Accuracy in reporting COVID numbers a struggle in Pa.

Coronavirus in Pennsylvania

CORRECTION: This story has been updated with responses from the Pennsylvania Department of Health.

HARRISBURG, Pa. (WHTM) — Pennsylvania’s Department of Health continues to struggle with its coronavirus numbers, which has been a complaint throughout the pandemic. Though most agree it’s gotten better with real-time accuracy, critics say it needs to do better.

Almost every day, the state health department releases COVID-related statistics — cases, deaths, vaccination rates. Last Tuesday, it reported 73.7% of Pennsylvania adults were vaccinated. The next day, that number fell to 68.8%.

“They dropped that on a Wednesday before Thanksgiving which makes me wonder, did they know this was happening, or did they wait and do that right before the holiday?” State Rep. Katie Klunk (R-York) said. She will meet with Health Secretary Alison Beam on Tuesday and push for better reporting of COVID numbers. “We’re supposed to trust science and trust that data if we know mistakes are being made by the department?”

Mistakes, yes. On purpose, no, said Health Department Spokesman Barry Ciccocioppo. “It is an overwhelming job with the volume of data coming in.”

The department of health updated data on the state’s COVID dashboard on July 9 and has been working with the CDC ever since to get the numbers corrected on the national dashboard. The discrepancy in the numbers is noted on the state’s dashboard, but the timing of that CDC change was outside Pennsylvania’s control.

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Double counts of COVID positives or the vaccinated happen. “Some people were being entered into the system two times not intentionally. If somebody puts in your name and spells first and last name wrong, you’re going to be entered as two records,” Ciccocioppo said.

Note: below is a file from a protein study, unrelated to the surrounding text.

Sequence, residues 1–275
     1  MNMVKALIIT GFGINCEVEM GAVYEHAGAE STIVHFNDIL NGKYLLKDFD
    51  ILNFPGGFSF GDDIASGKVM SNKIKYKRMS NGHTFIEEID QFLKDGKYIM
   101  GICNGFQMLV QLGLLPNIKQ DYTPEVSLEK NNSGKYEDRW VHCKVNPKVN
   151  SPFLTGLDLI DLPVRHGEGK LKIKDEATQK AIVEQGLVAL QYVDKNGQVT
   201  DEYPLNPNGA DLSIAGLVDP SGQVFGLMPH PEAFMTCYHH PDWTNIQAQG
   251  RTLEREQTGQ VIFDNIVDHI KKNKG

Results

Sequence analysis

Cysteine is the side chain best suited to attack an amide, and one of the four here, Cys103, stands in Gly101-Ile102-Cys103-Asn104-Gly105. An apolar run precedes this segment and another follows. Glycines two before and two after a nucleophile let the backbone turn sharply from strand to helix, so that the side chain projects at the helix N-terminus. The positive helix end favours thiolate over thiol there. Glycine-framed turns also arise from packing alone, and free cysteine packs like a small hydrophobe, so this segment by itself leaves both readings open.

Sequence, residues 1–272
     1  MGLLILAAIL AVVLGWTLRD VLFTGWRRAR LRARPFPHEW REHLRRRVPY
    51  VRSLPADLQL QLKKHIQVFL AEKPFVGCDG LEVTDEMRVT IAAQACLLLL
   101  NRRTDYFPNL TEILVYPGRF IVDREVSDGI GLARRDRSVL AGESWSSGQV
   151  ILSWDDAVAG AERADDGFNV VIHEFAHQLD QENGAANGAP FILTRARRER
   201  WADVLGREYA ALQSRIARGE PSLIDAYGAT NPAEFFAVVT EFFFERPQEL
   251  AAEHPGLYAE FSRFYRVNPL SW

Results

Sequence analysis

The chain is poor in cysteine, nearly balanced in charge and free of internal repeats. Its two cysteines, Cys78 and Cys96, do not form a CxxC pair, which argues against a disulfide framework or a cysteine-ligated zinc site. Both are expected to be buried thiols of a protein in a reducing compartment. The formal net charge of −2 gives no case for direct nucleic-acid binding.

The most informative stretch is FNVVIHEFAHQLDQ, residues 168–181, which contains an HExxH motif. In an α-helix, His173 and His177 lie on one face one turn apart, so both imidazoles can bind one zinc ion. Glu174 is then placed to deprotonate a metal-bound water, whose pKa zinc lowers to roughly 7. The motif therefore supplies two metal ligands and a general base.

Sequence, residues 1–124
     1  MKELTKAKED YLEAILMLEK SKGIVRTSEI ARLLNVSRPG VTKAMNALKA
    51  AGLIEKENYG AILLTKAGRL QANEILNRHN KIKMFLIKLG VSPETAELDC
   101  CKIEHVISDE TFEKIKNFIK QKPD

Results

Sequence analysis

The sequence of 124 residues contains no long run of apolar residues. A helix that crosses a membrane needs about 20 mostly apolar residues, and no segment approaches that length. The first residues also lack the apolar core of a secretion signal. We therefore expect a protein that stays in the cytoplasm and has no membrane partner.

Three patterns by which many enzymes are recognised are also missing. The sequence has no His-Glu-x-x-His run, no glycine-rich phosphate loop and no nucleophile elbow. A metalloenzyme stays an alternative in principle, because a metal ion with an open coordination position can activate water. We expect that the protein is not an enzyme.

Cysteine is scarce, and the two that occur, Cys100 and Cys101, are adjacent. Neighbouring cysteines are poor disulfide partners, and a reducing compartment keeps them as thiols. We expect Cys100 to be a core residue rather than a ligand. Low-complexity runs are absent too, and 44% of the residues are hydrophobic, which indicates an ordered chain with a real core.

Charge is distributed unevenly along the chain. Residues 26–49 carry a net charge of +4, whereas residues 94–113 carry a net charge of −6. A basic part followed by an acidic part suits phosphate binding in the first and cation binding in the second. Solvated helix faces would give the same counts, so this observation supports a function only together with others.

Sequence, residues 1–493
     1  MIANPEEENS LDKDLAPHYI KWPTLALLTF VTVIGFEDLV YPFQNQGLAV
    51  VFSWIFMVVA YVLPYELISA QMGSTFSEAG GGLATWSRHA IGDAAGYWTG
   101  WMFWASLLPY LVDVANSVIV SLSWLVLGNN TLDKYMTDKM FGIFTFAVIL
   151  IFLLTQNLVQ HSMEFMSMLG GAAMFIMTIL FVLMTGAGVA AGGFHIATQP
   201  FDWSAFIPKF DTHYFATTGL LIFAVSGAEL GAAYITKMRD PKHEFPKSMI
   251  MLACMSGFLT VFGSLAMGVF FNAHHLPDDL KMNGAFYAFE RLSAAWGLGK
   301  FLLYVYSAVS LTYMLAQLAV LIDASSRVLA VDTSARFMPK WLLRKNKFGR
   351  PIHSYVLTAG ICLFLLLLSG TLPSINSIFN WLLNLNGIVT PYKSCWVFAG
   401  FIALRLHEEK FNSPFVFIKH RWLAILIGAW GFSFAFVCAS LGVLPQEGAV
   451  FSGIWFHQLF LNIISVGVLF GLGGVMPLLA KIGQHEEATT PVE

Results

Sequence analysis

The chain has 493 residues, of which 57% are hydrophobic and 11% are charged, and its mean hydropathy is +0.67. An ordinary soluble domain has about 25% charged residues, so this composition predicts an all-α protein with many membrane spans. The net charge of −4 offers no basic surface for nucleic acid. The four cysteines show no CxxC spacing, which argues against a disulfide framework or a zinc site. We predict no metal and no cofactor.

Philadelphia and Pennsylvania are two different lands in data world and only the CDC is receiving their combined information. Why isn’t Pennsylvania syncing up with its biggest city? “We’re not able to because the two systems are different,” Ciccocioppo said.

“It does create mistrust among the public and that’s not good in the middle of the pandemic,” Klunk said.

Of course, the pandemic brought the problem to light. “The system was never designed to handle this volume of data which is constant and the real-time demand that people have now, that was never anticipated when these systems were created,” Ciccocioppo said.

“The department has had well over a year and a half to try and get this right,” Klunk said.

According to Ciccocioppo, the demands of the pandemic are constantly changing and the department is continuously reviewing new data and making updates as necessary to ensure that the public has access to the latest, up-to-date information on cases, hospitalizations, deaths, vaccinations, and post-vaccination cases.

To view the state Department of Health’s COVID-19 dashboard, you can click the link here.

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